Career story: Chris Montgomery, Network Rail Birmingham New St project director

The overhaul of Birmingham New Street is already a huge success with the public. Chris Montgomery can enjoy the accolades after years of hard work rebuilding the station while that same public walked through his site.

How does the new development prepare Birmingham for future growth?

The 1960s station was built to accommodate 60,000 passengers per day.  When the project started we had an average of 140,000 passengers using the station every day and that had grown to over 170,000 by the time the station opened on 20 September 2015.  It has been built to accommodate up to 300,000 passengers per day.

How complex was it to rebuild the station and keep it operational?

It has been an incredibly complex build whilst keeping the station open and the 170,000 passengers safe who use it every day.  We built the first part of the project in the adjacent carpark where we removed a whole floor to create part of the new station.  This meant taking out tonnes of concrete over a live railway. 

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Once the concrete was safely removed we began to construct the new concourse and in April 2013 we closed the old station and passengers moved into the new station the next morning.

We then began phase two which was the really tough part.  We had to strip out a 1960s structure, add an atrium roof and then remove nearly 10,000 tonnes of concrete to create an atrium space the size of a football pitch all over a live operational railway and busy station.

Retail is a huge aspect of the scheme. How complex was it to create a station that has mixed uses?

Not such an issue, although the requirements of the various retailers were difficult to accommodate when the retailers were actually signed up at a relatively late stage. For example retailers wanting lifts in their units which need lift pits, which in turn penetrate the space below.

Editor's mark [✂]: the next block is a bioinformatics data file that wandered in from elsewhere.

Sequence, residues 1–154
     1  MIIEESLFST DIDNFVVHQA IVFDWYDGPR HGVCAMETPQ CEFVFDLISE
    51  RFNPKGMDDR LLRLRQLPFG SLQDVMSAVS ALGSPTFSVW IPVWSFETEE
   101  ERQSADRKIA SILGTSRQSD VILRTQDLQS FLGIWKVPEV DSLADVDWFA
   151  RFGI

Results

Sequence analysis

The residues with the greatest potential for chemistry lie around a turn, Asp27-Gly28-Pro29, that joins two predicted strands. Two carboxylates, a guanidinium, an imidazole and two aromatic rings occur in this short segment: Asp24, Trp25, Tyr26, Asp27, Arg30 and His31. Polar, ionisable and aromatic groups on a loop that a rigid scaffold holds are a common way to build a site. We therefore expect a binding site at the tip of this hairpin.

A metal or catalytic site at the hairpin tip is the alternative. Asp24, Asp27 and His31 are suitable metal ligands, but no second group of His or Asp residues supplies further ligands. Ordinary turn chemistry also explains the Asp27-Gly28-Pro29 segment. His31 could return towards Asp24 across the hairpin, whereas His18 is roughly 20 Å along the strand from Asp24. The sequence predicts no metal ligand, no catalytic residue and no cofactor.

Managing the stakeholders must have been a challenge. What were the key issues and how did you manage them? 

Managing our neighbours was a key issue. As the site has a city centre location it is surrounded by hotels. Much of the work had to be undertaken out of normal working hours as a result of the need to keep areas open to the public. This in turn meant night work had to be co-ordinated very closely with all the adjacent hotels and residents to keep construction noise to acceptable levels.

What were the biggest challenges for Network Rail in getting to this point?

The biggest challenge was creating the new station and shopping centre from a 1960’s built structure which was designed to different building codes, had very little as built information and was built to 1960’s quality standards. The project involved cutting out over 20,000 tonnes of concrete in holes the size of a football pitch, adding a dome on top and a façade around the outside which acts as a sail to catch the wind. All of this had to be done against assumptions on how the structure worked which all ad to be verified as areas were opened up.

What lessons can future railway stations learn from Birmingham in terms of planning, design and construction?

If possible close the station down and build in an environment which does not include having to cater for the public passing through every day

Remove as many incumbents from the station as possible

Take apart the fabric of the building to allow detailed surveys of the building to take place from the outset

Build great relationships with neighbours and funders

Understand that the site is an operational railway first, and a construction site second.

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